A very interesting article in the latest Jet & Prop (4/10) by Norbert Loy and Matthias Hundt deals with story of the satellite field at Brunnthal built to accomodate Luftwaffe aircraft as an 'Ausweichs' or diversionary field, offering an alternative to the regular fields at München-Neubiberg and München-Riem which were on the end of almost constant Allied air attacks as the Americans pushed further and further into southern Germany during 1945. A so-called 'Schattenplatz' or 'shadow' field was constructed between the town of Brunnthal and the Hofoldinger forest bounded on one side by the Munich-Salzburg Autobahn. There were two takeoff and landing strips constructed, although one of these was the A8 Autobahn itself. Aircraft including Me 262s were hidden along the forest perimeter in specially cut-out boxes and it is reported that animals were used to tow the aircraft into position on the airfield because of fuel shortages - not the usual oxen or horses, but two elephants from the Munich zoo. However the elephants didn't perform that war service for long - they were not susceptible to obeying commands and at least one aircraft lost its wings as the elephant stomped into the forest ! The authors have contacted American veterans and local eyewitnesses in the course of preparing a book manuscript dealing more fully with the story of the Brunnthal airfield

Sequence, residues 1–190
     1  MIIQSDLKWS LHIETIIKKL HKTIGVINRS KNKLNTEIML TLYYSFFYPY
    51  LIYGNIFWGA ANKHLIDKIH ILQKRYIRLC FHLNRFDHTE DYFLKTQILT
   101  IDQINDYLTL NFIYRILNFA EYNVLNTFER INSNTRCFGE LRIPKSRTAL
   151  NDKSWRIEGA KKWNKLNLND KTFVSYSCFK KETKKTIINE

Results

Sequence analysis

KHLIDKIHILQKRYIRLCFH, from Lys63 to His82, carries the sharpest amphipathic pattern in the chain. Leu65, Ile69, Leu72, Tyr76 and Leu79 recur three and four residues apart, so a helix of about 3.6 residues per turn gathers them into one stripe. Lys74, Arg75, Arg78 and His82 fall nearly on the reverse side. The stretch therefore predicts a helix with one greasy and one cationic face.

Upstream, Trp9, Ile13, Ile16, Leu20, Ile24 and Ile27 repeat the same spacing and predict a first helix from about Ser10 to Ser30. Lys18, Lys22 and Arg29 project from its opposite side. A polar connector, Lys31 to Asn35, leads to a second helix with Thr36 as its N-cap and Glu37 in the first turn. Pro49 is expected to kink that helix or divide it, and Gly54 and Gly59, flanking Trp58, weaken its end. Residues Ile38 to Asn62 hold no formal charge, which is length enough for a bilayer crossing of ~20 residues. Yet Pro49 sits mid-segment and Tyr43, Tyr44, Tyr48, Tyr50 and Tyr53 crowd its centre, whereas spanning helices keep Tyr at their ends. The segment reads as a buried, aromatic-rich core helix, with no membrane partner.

Wars end in Bavaria. Allied troops moving along the Munich-Salzberg Autobahn towards Salzberg pass abandoned Luftwaffe jets including this Me 262 'White F' coded 9K+FH on the strength of KG 51 and probably re-assigned to JV44
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